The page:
Tae Wan Kim and Ariel Zetlin-Jones
Front. Blockchain, 28 August 2019
An advantage of blockchain protocols is that a decentralized community of users may each update and maintain a public ledger without the need for a trusted third party. Such modifications introduce important economic and ethical considerations that we believe have not been considered among the community of blockchain developers. We clarify the problem and provide one implementable ethical framework that such developers could use to determine which aspects should be immutable and which should not.
3. A Normative Framework for Blockchain Design With Fixed Features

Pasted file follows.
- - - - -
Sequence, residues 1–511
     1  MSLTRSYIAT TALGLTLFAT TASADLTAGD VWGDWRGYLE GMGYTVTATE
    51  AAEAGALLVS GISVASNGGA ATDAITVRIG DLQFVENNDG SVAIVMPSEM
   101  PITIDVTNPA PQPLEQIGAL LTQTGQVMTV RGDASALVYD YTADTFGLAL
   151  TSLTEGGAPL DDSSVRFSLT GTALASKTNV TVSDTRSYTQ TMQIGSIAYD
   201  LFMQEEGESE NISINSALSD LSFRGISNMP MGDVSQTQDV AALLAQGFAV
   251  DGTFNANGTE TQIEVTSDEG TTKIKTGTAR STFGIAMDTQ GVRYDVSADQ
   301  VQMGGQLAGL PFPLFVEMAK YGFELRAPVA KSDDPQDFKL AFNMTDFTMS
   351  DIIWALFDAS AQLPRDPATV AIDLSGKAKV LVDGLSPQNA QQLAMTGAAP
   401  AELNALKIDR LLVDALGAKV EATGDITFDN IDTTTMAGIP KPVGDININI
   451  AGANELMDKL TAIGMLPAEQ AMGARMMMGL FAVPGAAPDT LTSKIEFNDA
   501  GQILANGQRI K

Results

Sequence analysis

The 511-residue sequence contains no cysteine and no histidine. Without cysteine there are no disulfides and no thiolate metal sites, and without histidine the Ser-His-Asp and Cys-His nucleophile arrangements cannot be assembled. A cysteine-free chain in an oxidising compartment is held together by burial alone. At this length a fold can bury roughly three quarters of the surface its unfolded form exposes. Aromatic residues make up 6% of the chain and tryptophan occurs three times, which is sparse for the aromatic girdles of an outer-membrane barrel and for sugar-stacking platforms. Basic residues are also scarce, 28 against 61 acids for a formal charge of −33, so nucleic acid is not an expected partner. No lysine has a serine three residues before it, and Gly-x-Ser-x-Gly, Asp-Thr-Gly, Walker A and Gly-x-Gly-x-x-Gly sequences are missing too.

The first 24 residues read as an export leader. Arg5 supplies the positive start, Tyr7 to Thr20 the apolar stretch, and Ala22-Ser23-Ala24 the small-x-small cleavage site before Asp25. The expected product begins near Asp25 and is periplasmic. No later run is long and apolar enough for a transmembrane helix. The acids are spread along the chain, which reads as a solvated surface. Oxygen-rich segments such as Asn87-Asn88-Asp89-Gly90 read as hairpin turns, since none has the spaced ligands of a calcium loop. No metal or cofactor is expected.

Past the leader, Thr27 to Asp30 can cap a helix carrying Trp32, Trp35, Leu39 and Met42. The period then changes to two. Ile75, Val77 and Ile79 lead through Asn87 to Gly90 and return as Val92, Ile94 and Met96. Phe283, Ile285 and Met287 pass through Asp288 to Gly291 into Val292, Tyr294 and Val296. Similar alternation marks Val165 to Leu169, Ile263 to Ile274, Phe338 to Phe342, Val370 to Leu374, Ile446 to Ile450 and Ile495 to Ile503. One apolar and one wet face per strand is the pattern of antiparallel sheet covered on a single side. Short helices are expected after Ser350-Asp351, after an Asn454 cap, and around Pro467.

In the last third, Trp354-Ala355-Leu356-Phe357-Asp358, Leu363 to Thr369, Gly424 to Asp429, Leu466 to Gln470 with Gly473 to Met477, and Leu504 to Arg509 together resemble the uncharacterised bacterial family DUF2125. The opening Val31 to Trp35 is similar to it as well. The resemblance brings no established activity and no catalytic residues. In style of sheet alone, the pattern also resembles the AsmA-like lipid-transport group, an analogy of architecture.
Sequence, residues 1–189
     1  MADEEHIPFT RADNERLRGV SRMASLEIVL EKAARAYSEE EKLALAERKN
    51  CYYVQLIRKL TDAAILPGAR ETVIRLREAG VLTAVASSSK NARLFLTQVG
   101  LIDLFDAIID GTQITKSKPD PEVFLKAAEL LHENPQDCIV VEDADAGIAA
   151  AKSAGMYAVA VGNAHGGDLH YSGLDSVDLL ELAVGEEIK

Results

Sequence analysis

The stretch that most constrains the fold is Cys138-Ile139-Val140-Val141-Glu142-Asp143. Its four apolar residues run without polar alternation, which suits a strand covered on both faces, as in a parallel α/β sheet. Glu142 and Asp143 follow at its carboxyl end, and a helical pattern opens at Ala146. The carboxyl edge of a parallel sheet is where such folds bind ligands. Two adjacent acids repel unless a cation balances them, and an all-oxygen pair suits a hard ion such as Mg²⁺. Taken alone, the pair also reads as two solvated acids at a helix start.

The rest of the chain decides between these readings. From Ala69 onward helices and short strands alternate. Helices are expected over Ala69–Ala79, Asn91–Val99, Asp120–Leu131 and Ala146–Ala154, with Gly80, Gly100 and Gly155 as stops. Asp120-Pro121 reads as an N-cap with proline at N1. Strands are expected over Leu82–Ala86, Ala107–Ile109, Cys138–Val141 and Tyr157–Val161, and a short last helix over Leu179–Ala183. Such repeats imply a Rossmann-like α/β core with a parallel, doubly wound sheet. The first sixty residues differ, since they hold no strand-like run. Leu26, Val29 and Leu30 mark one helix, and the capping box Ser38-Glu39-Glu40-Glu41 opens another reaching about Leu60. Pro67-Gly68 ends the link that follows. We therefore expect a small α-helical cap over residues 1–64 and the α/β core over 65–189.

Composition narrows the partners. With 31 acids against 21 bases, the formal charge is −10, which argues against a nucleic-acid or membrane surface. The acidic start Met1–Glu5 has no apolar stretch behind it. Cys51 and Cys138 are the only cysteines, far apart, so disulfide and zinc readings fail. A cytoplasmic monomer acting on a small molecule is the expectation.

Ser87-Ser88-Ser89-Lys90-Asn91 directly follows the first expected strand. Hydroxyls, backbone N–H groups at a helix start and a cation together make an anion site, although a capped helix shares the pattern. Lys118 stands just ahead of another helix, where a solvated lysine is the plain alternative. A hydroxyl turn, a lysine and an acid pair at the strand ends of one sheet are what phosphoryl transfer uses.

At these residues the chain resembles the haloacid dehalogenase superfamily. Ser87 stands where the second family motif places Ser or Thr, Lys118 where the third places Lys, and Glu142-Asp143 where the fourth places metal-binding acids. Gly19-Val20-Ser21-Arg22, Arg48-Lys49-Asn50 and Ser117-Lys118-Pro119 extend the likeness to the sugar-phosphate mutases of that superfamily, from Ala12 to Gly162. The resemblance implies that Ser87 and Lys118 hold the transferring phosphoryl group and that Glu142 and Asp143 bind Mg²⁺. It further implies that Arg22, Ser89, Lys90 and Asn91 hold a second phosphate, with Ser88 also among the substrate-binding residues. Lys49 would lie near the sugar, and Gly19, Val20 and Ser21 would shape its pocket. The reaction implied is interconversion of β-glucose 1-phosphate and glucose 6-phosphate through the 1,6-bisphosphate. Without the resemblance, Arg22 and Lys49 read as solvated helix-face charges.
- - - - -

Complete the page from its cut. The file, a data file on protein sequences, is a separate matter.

Which features of a blockchain protocol should or should not be alterable? To answer this question, we need a normative framework. Our framework is twofold: the substantive and the procedural. The substantive consists of two ethical principles: The generalization principle and the utility-enhancement principle. The procedural has three principles: publicity, revision and appeals, and regulation. All the principles are necessary conditions. The procedural principles help to collectively examine whether any application of the two substantive principles are reasonable. The set of the five principles as a whole is in line with the broadly Kantian deontological approach to justice and democracy (Kant, 1785). In particular, we are partly indebted to Daniels and Sabin (2002) procedural approach to fair allocations of limited resources. Yet, our framework is different from theirs in several ways: the particular context we deal with is different, we replace the controversial “relevance” condition with our own representation of the Kantian generalization principle, and we add the utility-maximization principle. Although we do not offer a fully fledged normative analysis of the given issue, we propose a possible normative framework for cryptocurrency communities.